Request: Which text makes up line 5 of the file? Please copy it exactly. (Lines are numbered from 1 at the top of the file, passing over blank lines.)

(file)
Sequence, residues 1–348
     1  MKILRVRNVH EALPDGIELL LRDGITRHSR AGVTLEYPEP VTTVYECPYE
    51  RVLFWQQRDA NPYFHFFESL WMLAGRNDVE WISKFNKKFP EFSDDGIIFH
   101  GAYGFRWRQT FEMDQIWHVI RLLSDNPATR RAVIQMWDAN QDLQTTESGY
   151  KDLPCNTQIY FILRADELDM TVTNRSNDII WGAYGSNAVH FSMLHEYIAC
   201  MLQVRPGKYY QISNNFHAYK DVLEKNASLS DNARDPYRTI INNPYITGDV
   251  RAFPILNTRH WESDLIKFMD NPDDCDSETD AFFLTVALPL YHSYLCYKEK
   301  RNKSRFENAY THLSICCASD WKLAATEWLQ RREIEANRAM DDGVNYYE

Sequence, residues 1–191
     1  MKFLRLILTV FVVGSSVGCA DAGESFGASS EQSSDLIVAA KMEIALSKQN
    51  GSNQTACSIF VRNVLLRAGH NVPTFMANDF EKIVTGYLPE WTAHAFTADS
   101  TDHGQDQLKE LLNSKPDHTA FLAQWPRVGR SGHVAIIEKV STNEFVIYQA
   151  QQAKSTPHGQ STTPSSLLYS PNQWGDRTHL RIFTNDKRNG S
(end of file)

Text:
   151  KDLPCNTQIY FILRADELDM TVTNRSNDII WGAYGSNAVH FSMLHEYIAC